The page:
O God, who hast taken to thyself the blessed Virgin Mary, mother of thy incarnate Son: Grant that we, who have been redeemed by his blood, may share with her the glory of thine eternal kingdom; through the same thy Son Jesus Christ our Lord, who liveth and reigneth with thee, in the unity of the Holy Spirit, one God, now and for ever. Amen. (Collect for the feast, 1979 BCP)
The feast days of the saints are often referred to as their "heavenly birthdays" since they ordinarily celebrate the day when the saint died and thus passed into the new life of the Kingdom of Heaven.  No one illustrates this better than the Blessed Virgin Mary. Tradition relates that, when the time of her death drew near, all of the apostles gathered in Jerusalem to be with her--all except Thomas, who was preaching the Gospel in India and was unable to return to Jerusalem in time. The apostles gathered around her in a house on Mount Zion, near the Upper Room where they had shared the Last Supper with Jesus and had also received the Holy Spirit with Mary on Pentecost. In the charming medieval carving at the left, John still appears quite youthful, standing on the near side of her bed. Peter is wearing glasses and is reading to her. When she died, the apostles carried her to a tomb in the Garden of Gethsemane, which, tradition says, belonged to Mary's family.

Some time later, the apostles discovered that Mary's tomb was empty. This was not like the Resurrection of Jesus: Mary was not raised from the dead and did not appear to the apostles after her death; nor did an angel announce the news. Rather, her tomb was simply empty and they concluded that she had been taken directly into heaven ("assumed"), in much the same way that scripture and tradition attest that the greatest saints of the Old Testament--Enoch, Moses, and Elijah--were taken up bodily. In time, Thomas returned from India and the apostles told him what had happened, together with their conviction that Mary had been assumed into heaven. According to this tradition, Thomas once again played the role of the doubter and insisted that he would have to see the evidence before he would believe. At this point, we may perhaps be forgiven for thinking that the tradition is a bit unfair to Thomas. It hardly seems possible that this apostle who had traveled far and risked much to share his faith would make the same mistake twice. Nevertheless, the tradition has him going to the tomb of Mary where, instead of her body, he found the tomb full of fragrant flowers--one version of the tradition says the flowers were roses and lilies. And then, looking up, he saw Mary herself, going up to heaven. Looking back, she saw Thomas and dropped the girdle which had tied her robe and an angel delivered it into the hands of Thomas.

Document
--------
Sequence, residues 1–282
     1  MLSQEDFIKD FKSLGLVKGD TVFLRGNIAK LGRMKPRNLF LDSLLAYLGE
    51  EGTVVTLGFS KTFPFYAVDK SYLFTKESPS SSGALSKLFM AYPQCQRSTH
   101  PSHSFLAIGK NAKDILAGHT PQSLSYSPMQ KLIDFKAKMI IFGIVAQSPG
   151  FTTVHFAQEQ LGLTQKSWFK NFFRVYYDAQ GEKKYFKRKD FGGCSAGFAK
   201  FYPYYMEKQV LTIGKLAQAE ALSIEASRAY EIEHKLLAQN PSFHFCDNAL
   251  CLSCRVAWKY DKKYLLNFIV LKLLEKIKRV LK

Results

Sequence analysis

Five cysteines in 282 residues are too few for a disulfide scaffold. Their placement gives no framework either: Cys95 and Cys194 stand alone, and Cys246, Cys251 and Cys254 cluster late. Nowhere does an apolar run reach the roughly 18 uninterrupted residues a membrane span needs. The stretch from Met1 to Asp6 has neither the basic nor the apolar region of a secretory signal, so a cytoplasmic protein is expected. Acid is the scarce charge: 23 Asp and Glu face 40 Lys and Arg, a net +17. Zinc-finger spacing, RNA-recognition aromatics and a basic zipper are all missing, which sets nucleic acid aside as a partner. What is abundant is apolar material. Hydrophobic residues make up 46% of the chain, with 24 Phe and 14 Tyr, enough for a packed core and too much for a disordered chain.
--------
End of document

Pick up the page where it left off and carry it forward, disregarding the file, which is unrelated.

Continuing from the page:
It was not until 1950 that the Assumption of Mary was defined as a dogma of the Roman Catholic Church, when Pope Pius XII proclaimed that "the ever-virgin Mary, having completed the course of her earthly life, was assumed body and soul into heaven." In reality, however, this dogma was nothing new. It simply made it a matter of obligation for Roman Catholics to believe what many Christians have always believed, namely, that God had "taken to himself," for eternity, the blessed woman who had borne his incarnate Son in time. All believers look forward to "the resurrection of the body and the life of the world to come." At the Council of Chalcedon in 451, the emperor asked the patriarch of Jerusalem to bring the relics of Mary to Constantinople so that they could be enshrined at what was then the center of the world. The patriarch replied that there were no relics because, as he said, the apostles had found that her tomb was empty and her body had been assumed into heaven: she had already gone where we all hope to go.

Some Christians have difficulty with this idea because it is not in the Bible (though, as we have already noted, the Bible does tell of others who have been assumed, body and soul, into heaven). Nevertheless, Mary's role in our salvation, and her particular relationship with God is a pivotal one on our behalf. Her "yes" to the Archangel Gabriel opened the way for God to take on our humanity, to become fully one with us in the flesh. As an ancient prayer says, God humbled himself to share our humanity in order that we might share in his divinity. In the moment that Mary said "yes" to God's plan, she was already one with God in a unique way, bearing within her body God himself. A connection such as this transcends by far the intimacy of human relationships. Indeed, it reaches beyond death--and so the Church believes.

At the Council of Ephesus in 431, Mary was given the title "Theotokos"--"God-bearer" or "Mother of God." Nestorius taught that the divinity and humanity of Jesus were distinct and never mingled, so that Mary was "Christotokos," the mother of the man Jesus, but not the mother of God incarnate. The teaching of Nestorius was rejected by the Council and Mary has been known ever since as Theotokos, in token of the fact that she carried God himself in her womb, and continued ever after to share a special union with him, both in life and in death. In the West, Mary's feast on August 15th is called the Assumption. In the East it is called Koimesis--"Dormition" or "Falling Asleep." Both titles are somewhat vague about the details. Indeed, in spite of the tradition concerning Thomas's vision of her ascent into heaven, the Church is officially silent on the way in which she got there. What is clear is that, as our Collect says, God took Mary to himself, to be with him and one with him for ever. And that is what we celebrate on this day.

There are two places in Jerusalem associated with the end of Mary's earthly life. One is the basilica in the Garden of Gethsemane (above) which houses her tomb. The other is a monastery on Mount Zion on the traditional site of her falling asleep. Dormition is the name the community of German Benedictines have given to the Abbey that crowns Mount Zion. A life-sized sculpture of the Theotokos in the crypt of the Abbey church shows the influence of traditional Byzantine iconography. In the traditional Orthodox icon, Jesus himself is depicted, standing by his Mother as she falls asleep, and holding her soul, like a child, in his arm.